He didn't know anything at all about hippies or yippies or "Hey, hey LBJ, how many kids did you kill today?" He was too damned busy, up to his neck in the blood of a Marine platoon with only a handful of survivors and none of them completely intact. Jim knew all about Audie Murphy and John Wayne and The Green Berets; about honor and country and the fight for democratic principals. His government asked for volunteers to fight the good fight and by God he stepped forward. I can only hope that he turned a deaf ear to the "baby killer" nonsense from the people on whose behalf he thought he was bleeding.
We all have epochal periods in our lives, those character defining stretches that may have been stark at the time but with age become romanticized in the retelling. We should all be so lucky to bounce a grandchild on our knee in our 80s and recount the life changing experiences that made us who we are. Jim lived long enough to meet his grandchildren but didn't have much that he wanted to share with them about his pivotal period.
I knew Jim for thirty years and never once heard him utter the word Vietnam.
As if the terror of the jungle
and the lack of ticker tape weren’t enough, shortly after his return to the States he began courting a woman with five children. She was recently divorce
d with little monsters ranging in age from nine to seventeen and he was barely twenty-five himself when they were wed. I was the youngest of the five, as undisciplined as he was gung ho
, incapable of letting the sun go down without doing something obnoxious, illegal or downright evil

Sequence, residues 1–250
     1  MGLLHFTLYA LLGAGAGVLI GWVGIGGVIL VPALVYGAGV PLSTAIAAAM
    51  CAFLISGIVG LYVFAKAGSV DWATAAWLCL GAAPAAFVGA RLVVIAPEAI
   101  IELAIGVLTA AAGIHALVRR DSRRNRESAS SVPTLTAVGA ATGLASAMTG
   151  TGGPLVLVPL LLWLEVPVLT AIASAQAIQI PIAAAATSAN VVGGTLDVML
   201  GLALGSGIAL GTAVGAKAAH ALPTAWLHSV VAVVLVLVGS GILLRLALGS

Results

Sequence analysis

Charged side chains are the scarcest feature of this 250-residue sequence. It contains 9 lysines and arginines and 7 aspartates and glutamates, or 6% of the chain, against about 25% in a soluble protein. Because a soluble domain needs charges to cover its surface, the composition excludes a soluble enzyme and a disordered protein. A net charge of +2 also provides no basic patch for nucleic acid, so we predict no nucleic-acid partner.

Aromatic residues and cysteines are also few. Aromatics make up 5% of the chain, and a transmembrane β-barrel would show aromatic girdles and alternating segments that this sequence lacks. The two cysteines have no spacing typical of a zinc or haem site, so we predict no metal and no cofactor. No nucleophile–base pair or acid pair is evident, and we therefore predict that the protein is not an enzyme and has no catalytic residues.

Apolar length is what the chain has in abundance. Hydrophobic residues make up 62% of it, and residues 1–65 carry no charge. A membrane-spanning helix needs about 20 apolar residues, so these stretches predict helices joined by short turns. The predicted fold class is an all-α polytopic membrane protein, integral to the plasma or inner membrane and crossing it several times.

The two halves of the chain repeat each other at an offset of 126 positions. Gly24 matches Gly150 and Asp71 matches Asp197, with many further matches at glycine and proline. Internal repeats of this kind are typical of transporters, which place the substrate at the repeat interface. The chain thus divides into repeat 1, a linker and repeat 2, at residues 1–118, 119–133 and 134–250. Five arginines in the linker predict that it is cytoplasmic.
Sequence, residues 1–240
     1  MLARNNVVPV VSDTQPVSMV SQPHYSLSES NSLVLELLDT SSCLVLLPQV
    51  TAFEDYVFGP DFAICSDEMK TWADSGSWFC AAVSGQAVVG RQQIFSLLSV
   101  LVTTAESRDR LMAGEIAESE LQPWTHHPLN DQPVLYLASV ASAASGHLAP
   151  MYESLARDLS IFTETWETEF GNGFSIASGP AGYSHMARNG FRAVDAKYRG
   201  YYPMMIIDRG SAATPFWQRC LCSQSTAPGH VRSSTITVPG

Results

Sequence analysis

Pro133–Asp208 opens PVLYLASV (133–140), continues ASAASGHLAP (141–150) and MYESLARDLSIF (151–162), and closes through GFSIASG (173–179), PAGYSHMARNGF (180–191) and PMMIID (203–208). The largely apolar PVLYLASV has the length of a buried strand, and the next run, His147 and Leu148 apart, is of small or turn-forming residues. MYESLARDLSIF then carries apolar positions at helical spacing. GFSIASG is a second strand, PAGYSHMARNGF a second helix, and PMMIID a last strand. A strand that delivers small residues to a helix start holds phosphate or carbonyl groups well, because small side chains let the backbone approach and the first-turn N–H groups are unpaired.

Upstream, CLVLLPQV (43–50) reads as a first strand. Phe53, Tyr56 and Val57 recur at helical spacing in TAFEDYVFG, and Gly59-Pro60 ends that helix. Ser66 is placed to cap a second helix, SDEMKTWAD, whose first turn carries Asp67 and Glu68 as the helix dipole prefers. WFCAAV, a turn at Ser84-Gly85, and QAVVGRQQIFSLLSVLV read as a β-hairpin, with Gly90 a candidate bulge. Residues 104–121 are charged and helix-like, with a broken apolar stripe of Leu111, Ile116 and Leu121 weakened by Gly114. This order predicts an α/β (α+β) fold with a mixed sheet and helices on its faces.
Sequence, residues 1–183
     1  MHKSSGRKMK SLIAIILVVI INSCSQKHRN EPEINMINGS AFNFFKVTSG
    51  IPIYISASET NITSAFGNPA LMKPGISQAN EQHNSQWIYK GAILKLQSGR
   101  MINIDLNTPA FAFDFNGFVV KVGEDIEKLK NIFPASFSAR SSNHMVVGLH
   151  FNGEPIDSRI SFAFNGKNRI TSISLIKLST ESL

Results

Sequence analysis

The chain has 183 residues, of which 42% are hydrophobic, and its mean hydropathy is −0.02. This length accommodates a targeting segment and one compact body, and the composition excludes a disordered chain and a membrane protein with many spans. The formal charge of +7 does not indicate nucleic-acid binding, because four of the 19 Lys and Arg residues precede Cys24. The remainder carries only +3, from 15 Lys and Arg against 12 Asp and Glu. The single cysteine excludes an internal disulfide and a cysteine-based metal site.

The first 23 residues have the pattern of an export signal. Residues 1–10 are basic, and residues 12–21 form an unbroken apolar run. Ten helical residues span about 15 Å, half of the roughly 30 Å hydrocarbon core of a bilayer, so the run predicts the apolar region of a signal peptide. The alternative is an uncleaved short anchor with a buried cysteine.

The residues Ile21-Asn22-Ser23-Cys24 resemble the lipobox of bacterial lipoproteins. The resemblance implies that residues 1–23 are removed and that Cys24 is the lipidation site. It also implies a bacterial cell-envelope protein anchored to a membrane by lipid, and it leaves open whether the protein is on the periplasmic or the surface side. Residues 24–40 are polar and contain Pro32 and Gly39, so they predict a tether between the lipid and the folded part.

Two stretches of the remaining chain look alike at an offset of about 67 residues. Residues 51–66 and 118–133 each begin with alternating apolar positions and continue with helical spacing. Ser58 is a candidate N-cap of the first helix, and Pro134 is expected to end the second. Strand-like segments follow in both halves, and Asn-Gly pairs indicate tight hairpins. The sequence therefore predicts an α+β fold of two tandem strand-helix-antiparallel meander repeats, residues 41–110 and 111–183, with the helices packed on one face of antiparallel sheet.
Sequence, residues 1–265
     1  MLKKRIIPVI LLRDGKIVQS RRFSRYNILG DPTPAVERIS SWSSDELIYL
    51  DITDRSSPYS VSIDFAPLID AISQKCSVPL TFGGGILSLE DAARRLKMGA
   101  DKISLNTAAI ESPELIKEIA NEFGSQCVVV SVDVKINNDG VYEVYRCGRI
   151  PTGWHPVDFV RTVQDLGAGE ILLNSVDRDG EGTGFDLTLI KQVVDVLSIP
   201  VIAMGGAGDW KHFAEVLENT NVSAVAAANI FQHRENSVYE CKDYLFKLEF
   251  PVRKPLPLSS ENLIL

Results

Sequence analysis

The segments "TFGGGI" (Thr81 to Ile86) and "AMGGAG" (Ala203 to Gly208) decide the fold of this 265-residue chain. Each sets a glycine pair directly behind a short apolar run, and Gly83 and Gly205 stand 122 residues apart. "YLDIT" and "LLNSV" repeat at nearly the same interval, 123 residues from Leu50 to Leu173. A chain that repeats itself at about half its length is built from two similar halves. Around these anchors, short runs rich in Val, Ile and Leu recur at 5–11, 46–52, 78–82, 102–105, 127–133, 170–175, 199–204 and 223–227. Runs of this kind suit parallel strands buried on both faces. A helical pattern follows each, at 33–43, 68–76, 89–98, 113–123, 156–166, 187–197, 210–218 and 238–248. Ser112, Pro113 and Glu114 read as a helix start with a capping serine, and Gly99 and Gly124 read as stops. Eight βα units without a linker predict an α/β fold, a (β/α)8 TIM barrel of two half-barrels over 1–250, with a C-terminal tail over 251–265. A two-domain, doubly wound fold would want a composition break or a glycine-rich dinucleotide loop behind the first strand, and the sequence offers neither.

. I think I caused that poor dude more consternation than the Vietcong and I'm afraid I acted in league with them to shorten his life through stress.
The very first night I came to live with them, my bags weren't even unpacked yet and Jim had to field a phone call from the police in the town where I used to live. They needed to ask him some questions about his juvenile delinquent step-son and they needed him to pay fourteen dollars in damages or he could be arrested himself. The incredulous expression on his face was priceless as the cop explained to him that I had stolen the fire extinguishers out of a place called "The Lord's Barn." Jim was raised a strict Catholic and the question was etched in his face.
What kind of unholy bad seed would take the fire suppression equipment from The Lord's Barn?
It was all a big misunderstanding, man. The Lord's Barn was a hangout for hoodlums, operated in a rehabilitated barn, adjacent to a church parking lot. It was run by a couple of volunteers with money from the church collection plate. The administrators were a lady cop and the wife of a Federal Marshal and they sought to give street urchins a safe home away from home. The place had pool tables, foosball tables and vending machines and nary a whiff of religious guidance. The respectable name and the soft hearts who ran the joint made it the perfect cover for all of our delinquent enterprises so we made the Lord's Barn our base of operations.